“An informal effort to serve 200 individuals exploded to a waiting list of 1,200 families in a little over a week,” Moore said. “St. Stephen’s now is the launch pad for ‘pop-up pantries’ that provide food and essentials (diapers, formula, sanitary products, medicines) to last a family two weeks. Every Saturday we use the St. Stephen’s nave to distribute 75 boxes of nonperishables donated by Thrive DC and produce from DC Central Kitchen to volunteers from La Unidad Latina fraternity, who make deliveries to families in the hardest-hit areas.” Sanctuary DMV Food Justice seeks to create mutuality and offer leadership and volunteer opportunities for impacted families so that they are participants and agents of their own freedom. In the three months since it started, Sanctuary DMV Food Justice has provided food and essentials to more than 15,000 people.

We Are Family

Delivering free bags of groceries to senior citizens, many of them frail and lonely, has been a major element of the mission of We Are Family since its beginnings. The coming of the pandemic, however, and the particular threat COVID-19 poses to the old greatly increase the need for its volunteers’ service. Old people who left their residences only cautiously now preferred not to go out at all.

“When St. Stephen’s church building closed, We Are Family first moved its operation outside onto the grounds of St. Stephen’s, assembling grocery bags that also contained coronavirus safety information and coordinating delivery to over 750 seniors in their own homes in March,” said Mark Andersen, co-executive director of the agency. From that point, WAF’s efforts grew steadily more complex, with volunteers regularly calling senior citizens on the agency’s lists, checking on their well-being and taking and filling grocery orders. By June the households WAF was helping had grown to more than 900.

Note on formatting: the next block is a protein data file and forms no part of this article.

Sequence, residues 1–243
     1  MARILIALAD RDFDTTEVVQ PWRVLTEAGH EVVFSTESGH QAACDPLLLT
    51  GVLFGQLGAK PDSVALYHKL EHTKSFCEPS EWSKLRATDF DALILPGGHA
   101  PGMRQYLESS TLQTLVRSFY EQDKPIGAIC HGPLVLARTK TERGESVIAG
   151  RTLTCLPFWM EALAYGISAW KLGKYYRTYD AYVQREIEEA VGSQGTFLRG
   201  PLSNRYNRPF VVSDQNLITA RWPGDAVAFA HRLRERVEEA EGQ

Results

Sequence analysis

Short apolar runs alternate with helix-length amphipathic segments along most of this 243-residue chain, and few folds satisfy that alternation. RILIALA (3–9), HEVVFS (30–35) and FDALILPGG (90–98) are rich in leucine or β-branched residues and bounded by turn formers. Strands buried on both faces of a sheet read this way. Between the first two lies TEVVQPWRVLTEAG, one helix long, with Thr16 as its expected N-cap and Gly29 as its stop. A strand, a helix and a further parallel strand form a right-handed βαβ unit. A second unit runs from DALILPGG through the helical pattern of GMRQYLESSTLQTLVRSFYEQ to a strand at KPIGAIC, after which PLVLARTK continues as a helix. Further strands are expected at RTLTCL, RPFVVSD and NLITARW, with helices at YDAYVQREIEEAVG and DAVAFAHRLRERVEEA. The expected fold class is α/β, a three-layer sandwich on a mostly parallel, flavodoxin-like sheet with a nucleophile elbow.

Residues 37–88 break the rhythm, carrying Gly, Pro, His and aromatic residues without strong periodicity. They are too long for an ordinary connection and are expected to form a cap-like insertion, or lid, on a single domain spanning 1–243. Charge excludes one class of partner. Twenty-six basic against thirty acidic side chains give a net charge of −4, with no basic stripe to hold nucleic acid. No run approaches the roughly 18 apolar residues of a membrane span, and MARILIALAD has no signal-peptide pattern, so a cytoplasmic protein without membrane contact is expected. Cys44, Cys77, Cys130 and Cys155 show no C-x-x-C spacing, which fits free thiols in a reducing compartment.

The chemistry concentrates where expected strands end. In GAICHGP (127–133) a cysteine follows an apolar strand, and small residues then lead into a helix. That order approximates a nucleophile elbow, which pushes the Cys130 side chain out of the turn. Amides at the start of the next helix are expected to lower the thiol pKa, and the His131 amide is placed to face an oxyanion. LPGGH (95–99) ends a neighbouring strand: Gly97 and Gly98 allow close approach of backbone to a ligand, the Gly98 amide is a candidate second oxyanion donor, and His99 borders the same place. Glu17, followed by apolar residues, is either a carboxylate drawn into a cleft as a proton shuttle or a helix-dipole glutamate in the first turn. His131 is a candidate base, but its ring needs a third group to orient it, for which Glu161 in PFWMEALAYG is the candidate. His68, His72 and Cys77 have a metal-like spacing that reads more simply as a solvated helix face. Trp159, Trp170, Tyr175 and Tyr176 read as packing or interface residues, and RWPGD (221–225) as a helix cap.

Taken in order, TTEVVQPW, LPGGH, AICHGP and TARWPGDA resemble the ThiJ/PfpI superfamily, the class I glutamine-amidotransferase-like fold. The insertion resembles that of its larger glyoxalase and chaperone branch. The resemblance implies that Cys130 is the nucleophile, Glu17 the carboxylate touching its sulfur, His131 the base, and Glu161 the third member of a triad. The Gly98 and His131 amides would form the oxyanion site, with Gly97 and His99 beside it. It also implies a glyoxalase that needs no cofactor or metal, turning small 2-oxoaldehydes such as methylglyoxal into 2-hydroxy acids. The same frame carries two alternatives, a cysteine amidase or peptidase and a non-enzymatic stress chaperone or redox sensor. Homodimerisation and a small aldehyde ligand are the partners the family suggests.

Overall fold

“We began to use the church sanctuary to warehouse emergency supplies of food as well as hard-to-get but essential items like toilet paper, paper towels, masks, gloves and hand sanitizer,” Andersen said. “The flow of food and other supplies in and out of the church building was constant and bustling, helping to meet our seniors’ basic human needs, thus making it practically possible for them to stay safe indoors.”

Loaves and Fishes

Concurrently supplies continued to arrive for Loaves and Fishes, whose sit-down lunches devolved into carryout bag lunches, first sandwiches and bottled water but more recently a more elaborate entrée. And demand grew for the groceries at the Table Church food pantry that Loaves and Fishes hosts on first and third Saturdays. Loaves and Fishes is now in the planning stages of operating its own food pantry on the other Saturdays and will be calling for volunteers from St. Stephen’s congregation shortly.


All four groups would appreciate your financial support. Three agencies accept support at their respective websites: